The end of a year comes and with it the eternal struggle to take stock of what we did or didn’t do, also comes the famous New Year’s resolution list where we usually want to eat well, lose weight, go to gym, saving, learning something new, etc., which starts with a lot of enthusiasm but becomes more difficult to fulfill over time.
Making New Year’s resolutions is a stimulant for our brain, as they represent a new challenge to achieve, but so that they do not become a burden to not fulfill them, we need to make the brain focus and find a way achievable to obtain them, because this helps us to motivate ourselves and to feel satisfaction as we fulfill it. In addition, we must bear in mind that even if we want to share it with other people, this is a personal matter.
?What is a purpose??
It is a goal that each person sets out to fulfill in the short, medium or long term; it can encompass various aspects of life such as personal, family, work, academic, etc., and allow us to generate integral growth.
Why do we make resolutions at the end or beginning of a year?
Starting a new year is like having a blank slate that allows us to plan goals, with a specific time and possibly ranging from spiritual issues to the rational part, which is why they are traditionally done at the end of each year. The problem lies when time passes and we have not accomplished what we set out to do, as sometimes they are not achievable, we have not made a solid plan or we are not clear about what we really want to achieve, causing frustration and discouragement.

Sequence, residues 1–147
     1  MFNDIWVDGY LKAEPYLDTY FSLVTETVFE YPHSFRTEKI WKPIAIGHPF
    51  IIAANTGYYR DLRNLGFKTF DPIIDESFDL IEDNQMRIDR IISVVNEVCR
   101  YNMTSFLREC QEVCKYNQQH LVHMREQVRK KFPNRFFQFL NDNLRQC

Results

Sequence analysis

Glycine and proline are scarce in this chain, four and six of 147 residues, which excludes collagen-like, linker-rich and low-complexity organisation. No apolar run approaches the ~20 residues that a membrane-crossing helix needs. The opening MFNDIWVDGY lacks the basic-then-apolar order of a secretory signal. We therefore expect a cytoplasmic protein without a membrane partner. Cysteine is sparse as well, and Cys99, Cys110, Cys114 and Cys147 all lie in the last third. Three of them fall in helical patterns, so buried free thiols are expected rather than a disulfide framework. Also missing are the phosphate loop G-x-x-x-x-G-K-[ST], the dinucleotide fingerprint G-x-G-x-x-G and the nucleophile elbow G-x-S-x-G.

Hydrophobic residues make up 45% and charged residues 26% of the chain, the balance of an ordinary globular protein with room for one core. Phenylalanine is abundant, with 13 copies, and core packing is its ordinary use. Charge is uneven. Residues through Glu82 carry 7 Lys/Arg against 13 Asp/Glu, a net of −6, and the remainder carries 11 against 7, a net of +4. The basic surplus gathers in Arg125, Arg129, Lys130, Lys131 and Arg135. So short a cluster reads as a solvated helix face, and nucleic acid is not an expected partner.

Then, how do we build an achievable purpose?
Keep in mind that goals should be flexible, adaptable, realistic, and as far as possible with an expiration date, because as time goes by, many things can happen that alter our plans. For example, during the pandemic we all had to adapt to the reality we were living, new goals, new ways of doing things emerged and we fulfilled others, which is very valuable.
Here are some tips to keep in mind to start 2023 off on the right foot:
It is not enough to have willpower to achieve a goal, identify and plan what you want to achieve for this purpose, visualize it and structure the steps of how you will achieve it, set priorities, set deadlines, see with what resources count and what are the limitations that can be presented.
Sometimes less is more, building one or two clear goals can be much better than having several that will not be fulfilled in the long run.
Write your goals down on paper and make a list. Reading and looking at them will help you focus your efforts on achieving them.
Be aware of the pros and cons of each purpose, so you can have a broader picture to carry them out.
Turn your intentions into habits or routines, for example, if you want to go to the gym, put together a calendar with dates and times to attend.
Share your goals with family or friends, they can add value.
Learn to say “NO”, although it is good to share, what others tell us does not always add value to the goals we set for ourselves.
If over time your plan to achieve a goal does not work, do not get frustrated, remember that they are adaptable and can be modified, the important thing is not to lose sight of it.
Don’t turn your goals into a straitjacket, finding a way to make them fun helps the brain to be motivated and creative to accomplish them.
Now yes, take out paper and pencil and write the list of intentions, this new year is a cycle of 365 days to make your goals come true. At the Shaio Clinic we wish that the successes of the coming year are just the beginning of something big.
This article was advised by Angie Paola Monsalve, psychologist at the Psychology service for collaborators at the Shaio Clinic.